Murayama wanted to test these theories outside of the lab setting. By drawing on longitudinal survey data on more than 3,000 schoolchildren from German schools, Murayama’s observed that when the focus was on performance (“In math I work hard, because I want to get good grades”) they could predict the immediate maths score. When the goals focused on the mastery aspect of the learning (“I invest a lot of effort in math, because I am interested in the subject”), this could predict a growth in math scores over three years.
It’s thought-provoking to note that when the aim was to engage in the individual’s desire to master the subject, this potentially had much longer lasting effects. While interest in a subject isn’t a switch that you can just flip on, it is potentially something you can tap into.
The undermining effect
And here's another twist. The 'undermining effect' suggests that sometimes offering a reward can actually reduce an individual’s innate motivation to do a task they already find interesting. If intrinsic motivation exists, it can be a powerful reservoir we can draw from, and external rewards might negatively interfere with it.
How does this happen? It seems rewards can get in the way of our innate drive to follow our curiosity. Murayama and his grad student Greta Fastrich looked at the fascinating question of what inspires people to attempt difficult tasks. In their study, when participants were offered cash rewards for correct answers, they preferred easier questions. But when no cash was offered, participants preferred the more difficult questions.
The promise of pudding?
But does this mean the promise of pudding is a bad idea? Do rewards enhance or hinder learning outcomes?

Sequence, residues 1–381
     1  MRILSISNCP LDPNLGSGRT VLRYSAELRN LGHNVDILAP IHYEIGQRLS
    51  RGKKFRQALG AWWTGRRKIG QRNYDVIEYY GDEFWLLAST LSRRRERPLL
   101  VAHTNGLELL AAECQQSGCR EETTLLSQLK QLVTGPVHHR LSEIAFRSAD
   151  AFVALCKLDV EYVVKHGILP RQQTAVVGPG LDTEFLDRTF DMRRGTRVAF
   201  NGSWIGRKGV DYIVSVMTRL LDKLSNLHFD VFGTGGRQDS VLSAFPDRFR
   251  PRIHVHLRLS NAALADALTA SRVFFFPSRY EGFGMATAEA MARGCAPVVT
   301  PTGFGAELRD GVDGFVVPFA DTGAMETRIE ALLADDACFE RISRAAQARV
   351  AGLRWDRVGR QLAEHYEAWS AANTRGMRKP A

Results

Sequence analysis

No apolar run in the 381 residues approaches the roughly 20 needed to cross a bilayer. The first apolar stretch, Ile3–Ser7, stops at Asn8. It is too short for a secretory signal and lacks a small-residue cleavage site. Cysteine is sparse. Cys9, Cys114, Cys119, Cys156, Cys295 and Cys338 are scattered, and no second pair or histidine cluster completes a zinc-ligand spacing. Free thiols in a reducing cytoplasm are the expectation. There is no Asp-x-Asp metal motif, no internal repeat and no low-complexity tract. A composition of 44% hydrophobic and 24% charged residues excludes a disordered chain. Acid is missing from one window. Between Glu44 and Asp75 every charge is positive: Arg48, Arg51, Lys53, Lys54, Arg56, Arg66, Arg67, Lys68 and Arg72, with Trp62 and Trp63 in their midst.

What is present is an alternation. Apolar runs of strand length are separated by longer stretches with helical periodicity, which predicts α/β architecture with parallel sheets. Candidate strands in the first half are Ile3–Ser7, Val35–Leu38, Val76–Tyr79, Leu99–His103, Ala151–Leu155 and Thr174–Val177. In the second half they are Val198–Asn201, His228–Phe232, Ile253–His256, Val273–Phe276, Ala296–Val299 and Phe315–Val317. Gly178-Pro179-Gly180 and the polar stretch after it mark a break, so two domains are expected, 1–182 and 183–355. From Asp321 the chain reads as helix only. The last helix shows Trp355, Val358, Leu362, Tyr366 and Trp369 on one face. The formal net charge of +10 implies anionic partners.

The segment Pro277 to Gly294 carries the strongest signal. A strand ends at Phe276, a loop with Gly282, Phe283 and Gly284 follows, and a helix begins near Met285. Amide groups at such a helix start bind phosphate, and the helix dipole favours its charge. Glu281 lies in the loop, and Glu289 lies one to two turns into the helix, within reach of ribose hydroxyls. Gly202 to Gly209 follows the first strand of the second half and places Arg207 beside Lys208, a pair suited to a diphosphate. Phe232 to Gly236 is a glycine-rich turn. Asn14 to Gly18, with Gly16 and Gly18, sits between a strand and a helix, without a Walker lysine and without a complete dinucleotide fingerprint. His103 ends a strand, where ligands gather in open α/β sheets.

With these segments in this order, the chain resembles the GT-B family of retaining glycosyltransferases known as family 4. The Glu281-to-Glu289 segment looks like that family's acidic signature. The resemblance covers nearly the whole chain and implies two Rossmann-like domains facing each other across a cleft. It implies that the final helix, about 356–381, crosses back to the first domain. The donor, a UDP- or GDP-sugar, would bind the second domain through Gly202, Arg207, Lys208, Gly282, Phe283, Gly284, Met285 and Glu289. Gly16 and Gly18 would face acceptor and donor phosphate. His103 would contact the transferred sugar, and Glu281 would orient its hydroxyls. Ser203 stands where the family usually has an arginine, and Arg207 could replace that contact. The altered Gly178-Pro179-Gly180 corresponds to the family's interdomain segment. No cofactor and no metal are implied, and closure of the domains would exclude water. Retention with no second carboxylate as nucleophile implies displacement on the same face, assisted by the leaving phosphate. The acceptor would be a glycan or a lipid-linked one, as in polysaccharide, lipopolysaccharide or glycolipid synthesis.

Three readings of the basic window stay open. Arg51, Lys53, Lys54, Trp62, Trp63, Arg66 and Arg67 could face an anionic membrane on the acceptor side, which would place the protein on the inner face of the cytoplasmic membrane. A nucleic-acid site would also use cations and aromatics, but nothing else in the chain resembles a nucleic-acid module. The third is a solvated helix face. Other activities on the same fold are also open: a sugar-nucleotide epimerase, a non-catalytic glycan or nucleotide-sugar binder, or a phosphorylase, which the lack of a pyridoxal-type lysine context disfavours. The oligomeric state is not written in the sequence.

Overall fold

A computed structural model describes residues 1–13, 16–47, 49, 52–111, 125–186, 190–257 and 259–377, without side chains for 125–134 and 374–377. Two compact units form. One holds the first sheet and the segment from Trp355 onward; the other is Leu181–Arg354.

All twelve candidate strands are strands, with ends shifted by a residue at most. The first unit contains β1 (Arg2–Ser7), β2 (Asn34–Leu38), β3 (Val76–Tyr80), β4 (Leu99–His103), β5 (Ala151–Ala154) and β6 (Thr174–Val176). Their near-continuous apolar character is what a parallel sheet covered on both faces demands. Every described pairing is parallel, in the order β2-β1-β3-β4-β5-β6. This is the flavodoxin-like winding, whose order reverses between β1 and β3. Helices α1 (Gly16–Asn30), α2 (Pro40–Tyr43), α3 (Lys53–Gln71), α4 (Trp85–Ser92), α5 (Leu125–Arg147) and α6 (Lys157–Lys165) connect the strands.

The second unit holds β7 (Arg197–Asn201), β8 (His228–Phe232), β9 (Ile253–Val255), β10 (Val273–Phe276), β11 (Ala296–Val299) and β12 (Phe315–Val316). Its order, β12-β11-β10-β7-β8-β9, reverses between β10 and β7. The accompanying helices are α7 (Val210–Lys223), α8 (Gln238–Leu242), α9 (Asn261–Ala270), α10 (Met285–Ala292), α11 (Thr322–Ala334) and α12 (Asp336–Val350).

It’s a bit of a controversial question, but it seems there is a place for extrinsic rewards on some occasions, and ways of encouraging intrinsic motivation on other occasions.
Studies seem to agree that rewards work in learning and are effective in motivating people. And this is supported by a neural link between the motivation (reward) and memory systems in the brain. But to avoid the 'undermining effect', it may be that extrinsic rewards are better left for tasks which have little intrinsic value for the individual.
We tend to like a challenge. We like to push ourselves; test the limits of what we can do. We won’t say no to some free pudding, but that pudding tastes a little sweeter if we had to work for it.
 Dweck (1986) and Nicholls (1984) cited in Murayama, K. (2018). The science of motivation. American Psychological Association. https://www.apa.org/science/about/psa/2018/06/motivation
 Murayama & Elliot (2011) cited in Murayama, K. (2018). The science of motivation. American Psychological Association. https://www.apa.org/science/about/psa/2018/06/motivation
 Murayama, Pekrun, Lichtenfeld & vom Hofe. (2013) cited in Murayama, K. (2018). The science of motivation. American Psychological Association. https://www.apa.org/science/about/psa/2018/06/motivation
 Murayama & Kitagami (2014) cited in Murayama, K. (2018). The science of motivation. American Psychological Association. https://www.apa.org/science/about/psa/2018/06/motivation
 Murayama, Matsumoto, Izuma & Matsumoto. (2010) cited in Murayama, K. (2018). The science of motivation. American Psychological Association. https://www.apa.org/science/about/psa/2018/06/motivation